The United States Food and Drug Administration or FDA recently added diabetes as one of the side effects of Lipitor.
A study conducted by the agency has shown evidence of a connection between type-2 diabetes and the taking of Lipitor. This applies to all other kind of statin drugs, too.
The study was based on three clinical trials. Results showed an increased, but small, risk of higher blood sugar levels. In short, people who had been taking Lipitor were more likely to be diagnosed with type-2 diabetes mellitus.
In addition to diabetes mellitus, Lipitor may also have other serious adverse effects. Among these side effects are the loss of memory, muscle soreness, and damage to, and even failure of, the kidneys.
Are You Taking Lipitor and at Risk for Diabetes?
While the study did show a correlation between diabetes and Lipitor usage, the increased risk is mostly for patients who already have other well-known diabetes risk factors.
These four major diabetes risk factors are:
- Elevated triglycerides (a type of body fat)
- Excess body weight
- High blood pressure
- High blood sugar levels
If you take Lipitor and you have these risk factors as well, you may be at risk for developing new-onset diabetes.
Needless to say, managing these risks is very important.
One of the best things a person can do to reduce their risk is to keep a healthy body weight. Unfortunately, those who take Lipitor may be doing so due to unhealthy lifestyle and eating choices.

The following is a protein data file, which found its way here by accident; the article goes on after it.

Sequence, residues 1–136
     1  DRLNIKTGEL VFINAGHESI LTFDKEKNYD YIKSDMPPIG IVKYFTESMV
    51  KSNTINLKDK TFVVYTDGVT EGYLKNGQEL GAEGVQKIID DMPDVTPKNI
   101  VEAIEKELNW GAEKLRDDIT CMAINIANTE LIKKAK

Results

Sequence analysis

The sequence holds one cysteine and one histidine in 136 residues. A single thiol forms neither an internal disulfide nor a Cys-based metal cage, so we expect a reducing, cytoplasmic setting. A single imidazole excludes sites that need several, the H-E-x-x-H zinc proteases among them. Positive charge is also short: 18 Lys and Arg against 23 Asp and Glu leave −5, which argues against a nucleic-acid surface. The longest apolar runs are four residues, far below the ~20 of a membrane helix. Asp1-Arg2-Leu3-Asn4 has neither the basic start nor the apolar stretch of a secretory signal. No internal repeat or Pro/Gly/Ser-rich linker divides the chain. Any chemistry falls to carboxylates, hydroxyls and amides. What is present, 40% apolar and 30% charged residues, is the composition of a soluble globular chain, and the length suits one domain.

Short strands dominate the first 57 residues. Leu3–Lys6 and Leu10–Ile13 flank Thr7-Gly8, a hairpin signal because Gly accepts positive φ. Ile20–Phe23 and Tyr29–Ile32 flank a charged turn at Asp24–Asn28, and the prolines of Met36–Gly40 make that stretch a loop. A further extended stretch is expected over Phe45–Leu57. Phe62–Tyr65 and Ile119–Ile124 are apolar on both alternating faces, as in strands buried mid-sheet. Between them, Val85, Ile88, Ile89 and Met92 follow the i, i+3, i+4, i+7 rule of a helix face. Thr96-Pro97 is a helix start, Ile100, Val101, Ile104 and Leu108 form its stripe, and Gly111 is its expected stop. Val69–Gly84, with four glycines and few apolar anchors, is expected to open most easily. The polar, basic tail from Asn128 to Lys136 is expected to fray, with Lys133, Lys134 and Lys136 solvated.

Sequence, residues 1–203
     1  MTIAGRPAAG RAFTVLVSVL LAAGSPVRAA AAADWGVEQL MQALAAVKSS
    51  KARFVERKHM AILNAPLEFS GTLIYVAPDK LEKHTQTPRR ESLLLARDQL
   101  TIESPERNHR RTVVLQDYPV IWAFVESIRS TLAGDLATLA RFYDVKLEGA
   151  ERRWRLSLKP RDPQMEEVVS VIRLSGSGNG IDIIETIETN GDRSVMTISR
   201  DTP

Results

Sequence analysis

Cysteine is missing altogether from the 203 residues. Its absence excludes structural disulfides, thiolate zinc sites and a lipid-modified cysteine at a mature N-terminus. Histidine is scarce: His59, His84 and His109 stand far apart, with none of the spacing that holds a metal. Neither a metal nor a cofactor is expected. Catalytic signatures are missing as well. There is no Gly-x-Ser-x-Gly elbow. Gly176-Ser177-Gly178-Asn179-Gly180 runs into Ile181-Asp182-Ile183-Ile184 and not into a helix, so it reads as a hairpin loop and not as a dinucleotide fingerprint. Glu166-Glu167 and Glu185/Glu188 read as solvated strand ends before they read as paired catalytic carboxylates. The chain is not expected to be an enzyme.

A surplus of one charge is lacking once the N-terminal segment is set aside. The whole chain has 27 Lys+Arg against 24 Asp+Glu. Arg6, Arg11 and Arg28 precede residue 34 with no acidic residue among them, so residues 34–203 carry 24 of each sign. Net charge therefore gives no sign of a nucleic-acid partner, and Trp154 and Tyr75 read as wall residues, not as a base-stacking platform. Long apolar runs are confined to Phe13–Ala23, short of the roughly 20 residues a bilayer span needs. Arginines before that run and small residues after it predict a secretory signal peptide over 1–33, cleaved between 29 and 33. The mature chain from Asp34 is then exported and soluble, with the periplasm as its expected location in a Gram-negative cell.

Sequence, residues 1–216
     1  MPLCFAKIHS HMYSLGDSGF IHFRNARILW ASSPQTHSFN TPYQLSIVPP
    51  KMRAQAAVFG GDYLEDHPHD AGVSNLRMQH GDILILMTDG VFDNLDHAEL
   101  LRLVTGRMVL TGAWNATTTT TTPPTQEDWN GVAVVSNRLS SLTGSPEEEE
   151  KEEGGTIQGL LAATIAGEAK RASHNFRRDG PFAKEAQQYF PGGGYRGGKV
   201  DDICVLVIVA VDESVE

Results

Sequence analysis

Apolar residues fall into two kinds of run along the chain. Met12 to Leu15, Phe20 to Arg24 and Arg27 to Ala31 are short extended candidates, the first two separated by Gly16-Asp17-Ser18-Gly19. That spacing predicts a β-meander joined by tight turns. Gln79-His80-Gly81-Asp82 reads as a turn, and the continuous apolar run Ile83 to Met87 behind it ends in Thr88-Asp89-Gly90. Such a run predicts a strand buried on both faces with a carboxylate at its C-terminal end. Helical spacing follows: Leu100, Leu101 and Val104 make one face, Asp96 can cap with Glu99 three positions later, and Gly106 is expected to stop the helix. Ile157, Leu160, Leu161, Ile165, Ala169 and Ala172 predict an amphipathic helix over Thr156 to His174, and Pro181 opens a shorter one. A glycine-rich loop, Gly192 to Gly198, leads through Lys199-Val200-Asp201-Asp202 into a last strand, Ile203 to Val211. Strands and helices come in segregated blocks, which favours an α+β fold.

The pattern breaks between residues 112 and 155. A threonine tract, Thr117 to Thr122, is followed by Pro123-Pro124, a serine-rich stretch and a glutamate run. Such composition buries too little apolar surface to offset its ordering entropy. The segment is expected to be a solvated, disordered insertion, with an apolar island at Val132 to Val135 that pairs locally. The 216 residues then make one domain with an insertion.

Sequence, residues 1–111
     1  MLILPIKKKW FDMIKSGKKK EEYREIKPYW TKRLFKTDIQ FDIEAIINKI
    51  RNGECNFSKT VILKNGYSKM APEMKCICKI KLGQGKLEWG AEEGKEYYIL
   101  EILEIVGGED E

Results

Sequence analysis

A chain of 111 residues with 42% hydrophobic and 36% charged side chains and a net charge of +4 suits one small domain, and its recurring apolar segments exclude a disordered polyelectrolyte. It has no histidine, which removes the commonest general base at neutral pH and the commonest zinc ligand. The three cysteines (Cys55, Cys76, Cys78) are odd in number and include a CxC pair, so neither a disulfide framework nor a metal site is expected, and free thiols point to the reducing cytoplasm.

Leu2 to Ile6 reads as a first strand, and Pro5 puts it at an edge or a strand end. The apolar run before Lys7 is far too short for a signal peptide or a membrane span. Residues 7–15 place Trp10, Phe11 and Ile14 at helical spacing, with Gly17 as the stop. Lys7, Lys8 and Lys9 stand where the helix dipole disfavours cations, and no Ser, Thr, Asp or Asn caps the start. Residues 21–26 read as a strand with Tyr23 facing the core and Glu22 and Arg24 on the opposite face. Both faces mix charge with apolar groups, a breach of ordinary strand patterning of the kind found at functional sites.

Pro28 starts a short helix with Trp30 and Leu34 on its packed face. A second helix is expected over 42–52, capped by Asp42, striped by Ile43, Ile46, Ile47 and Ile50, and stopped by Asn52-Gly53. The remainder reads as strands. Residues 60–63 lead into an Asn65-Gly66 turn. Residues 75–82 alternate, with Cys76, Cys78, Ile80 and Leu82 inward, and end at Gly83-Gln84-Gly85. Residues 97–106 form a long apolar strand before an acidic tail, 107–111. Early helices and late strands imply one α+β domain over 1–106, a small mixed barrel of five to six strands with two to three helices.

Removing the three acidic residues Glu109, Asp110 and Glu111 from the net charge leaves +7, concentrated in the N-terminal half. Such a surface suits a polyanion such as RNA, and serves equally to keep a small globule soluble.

Lipitor is great for cholesterol. But, that doesn’t mean a person taking Lipitor is immune from other related diseases.
In fact, it’s just the opposite. As the study suggests, Lipitor may make you more vulnerable to diabetes.
The extra risk of developing diabetes seems to be limited to those who have at least two of the four risk factors mentioned above.
Diabetes and Lipitor: Benefits vs. Risks
Lipitor is one of the most commonly prescribed and used medicines available today. The drug gets high praise and is widely used for good reason.
Lipitor can dramatically and considerably lower a patient’s levels of “low-density lipoprotein cholesterol,” more popularly known as bad cholesterol. Some studies have even shown that taking Lipitor can actually help save and enhance the lives of those who already have heart disease.
The new safety reminders of the FDA are reasonable. There’s no doubt that they know what they’re talking about.
But, here’s the bottom line. The risk of contracting diabetes mellitus when taking Lipitor may be considered small by some health professionals. Especially when it is contrasted against the medicinal benefits: significantly reduced risk of having a sudden heart attack or stroke.
However, if you are seriously at risk for diabetes as it stands, be sure to talk to your doctor. Lipitor may be increasing that risk.
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